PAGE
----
Spanish Prime Minister Mariano Rajoy yesterday urged Catalonia’s leader to “act sensibly” and renounce an independence bid to head off a threat by Madrid to impose direct rule.
Rajoy issued his appeal in the national parliament, where he sought to win more political support for taking direct control of Catalonia today if the rebel regional government sticks to a plan to break away.
The move would need only a vote in Spain’s upper house, where Rajoy’s People’s Party holds an absolute majority.
It would be the first time in Spain’s four decades of democracy that direct rule has been imposed.
A constitutional provision allows the central government to impose the law by giving orders to all branches of the regional authorities.
Precisely how that would work in practical matters such as commanding the police force is untested.
Authoritative Catalan newspaper La Vanguardia reported that Madrid plans to appoint its own delegates to run regional government departments.
Regional leader Carles Puigdemont would remain nominally in his role but stripped of all powers.
Many Spaniards fear the unprecedented step could lead to social unrest.
The crisis has prompted hundreds of Catalan firms to move their headquarters, led Madrid to cut economic growth forecasts and weighed on the euro.
In the latest grim prediction, Spain’s independent budget watchdog yesterday warned that continued uncertainty could wipe as much as 12bn euros off the economy next year, reducing expected growth by between 0.4 and 1.2 percentage points.
Puigdemont has already defied Madrid once this week, reiterating on Monday an ambiguous independence declaration he made last week and immediately suspended.
“I ask Puigdemont to act sensibly, in a balanced way, to put the interests of all citizens first,” Rajoy said yesterday, mentioning both residents of the autonomous region, which produces a fifth of Spain’s wealth and has its own language and culture, and the rest of the country.
Today’s deadline is Puigdemont’s last chance to abandon an independence declaration which Madrid has rejected as illegal, and defuse Spain’s biggest political crisis since a failed military coup in 1981.
“It’s not that difficult to reply to the question: has Catalonia declared independence? Because if it has, the government is obliged to act in one way, and if it has not we can talk here,” Rajoy said in parliament.
The row has rattled financial markets and sent companies scurrying to relocate on safer ground.
Banco Sabadell, Spain’s fifth-biggest bank, was considering moving its top management to Madrid.
Almost 700 companies pulled out of the northeastern region between October 2 — the day after a referendum on independence which Madrid branded illegal — and October 16, according to Spain’s companies registry.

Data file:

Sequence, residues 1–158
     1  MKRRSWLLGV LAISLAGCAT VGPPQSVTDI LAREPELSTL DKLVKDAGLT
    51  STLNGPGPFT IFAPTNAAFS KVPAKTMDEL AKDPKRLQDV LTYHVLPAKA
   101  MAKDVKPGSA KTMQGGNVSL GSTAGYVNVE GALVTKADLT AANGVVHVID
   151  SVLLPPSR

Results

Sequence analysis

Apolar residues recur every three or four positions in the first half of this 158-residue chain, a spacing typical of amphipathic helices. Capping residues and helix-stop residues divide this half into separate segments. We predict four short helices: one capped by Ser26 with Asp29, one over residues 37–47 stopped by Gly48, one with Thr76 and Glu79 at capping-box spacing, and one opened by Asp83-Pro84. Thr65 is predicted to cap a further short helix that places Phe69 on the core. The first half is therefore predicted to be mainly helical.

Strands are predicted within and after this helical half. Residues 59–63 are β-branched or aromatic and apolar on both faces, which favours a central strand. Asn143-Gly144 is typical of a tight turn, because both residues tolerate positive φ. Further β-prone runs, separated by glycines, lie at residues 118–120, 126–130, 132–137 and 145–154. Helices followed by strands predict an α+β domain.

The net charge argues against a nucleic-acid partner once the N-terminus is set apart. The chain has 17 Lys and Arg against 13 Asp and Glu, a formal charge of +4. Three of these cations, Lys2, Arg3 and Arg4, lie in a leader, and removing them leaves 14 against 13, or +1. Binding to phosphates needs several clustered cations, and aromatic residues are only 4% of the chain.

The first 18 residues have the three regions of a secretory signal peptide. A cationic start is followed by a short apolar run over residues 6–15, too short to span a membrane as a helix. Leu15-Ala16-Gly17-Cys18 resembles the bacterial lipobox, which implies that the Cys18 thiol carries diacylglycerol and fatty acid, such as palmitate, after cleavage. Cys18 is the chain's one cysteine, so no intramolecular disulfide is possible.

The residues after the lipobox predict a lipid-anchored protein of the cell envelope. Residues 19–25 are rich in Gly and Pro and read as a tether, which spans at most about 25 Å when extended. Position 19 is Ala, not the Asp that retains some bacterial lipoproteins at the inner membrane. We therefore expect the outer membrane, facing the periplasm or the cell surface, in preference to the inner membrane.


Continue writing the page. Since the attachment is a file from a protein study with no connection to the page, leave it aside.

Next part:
Tourism, a vital part of the Catalan economy centred on its seaside capital Barcelona, has also taken a hit, with activity falling 15% so far this month, industry association Exceltur said on Tuesday.
The region’s tourism industry could make 1.8bn euros ($2.12bn) less than usual in the fourth quarter “if the volatility and confrontation get worse in the coming months”, Exceltur said in a statement.
Foreign Minister Alfonso Dastis said last week that exactly what direct rule would look like is not clear, adding the government would work on it.
La Vanguardia said Puigdemont, a 54-year-old former journalist, was mulling declaring independence and calling so-called constituent elections for the newly-declared republic.
But Catalan foreign affairs chief Raul Romeva told a news conference in Brussels: “Elections are not on the table now.”
As the threat of direct rule neared, the Catalan government took a combative tone.
“Giving in forms no part of this government’s scenarios,” spokesman Jordi Turull said on Tuesday. “On Thursday, we won’t give anything different than what we gave on Monday.”
Tempers have flared since the jailing on Monday of two separatist leaders pending an investigation for alleged sedition.
Tens of thousands of protesters gathered along Barcelona’s Diagonal Avenue on Tuesday to call for their release, whistling and shouting “freedom” and “out with the occupying forces”.
Puigdemont said: “Sadly, we have political prisoners again,” referring to the military dictatorship of Francisco Franco, who suppressed Catalan culture and language until his death in 1975.
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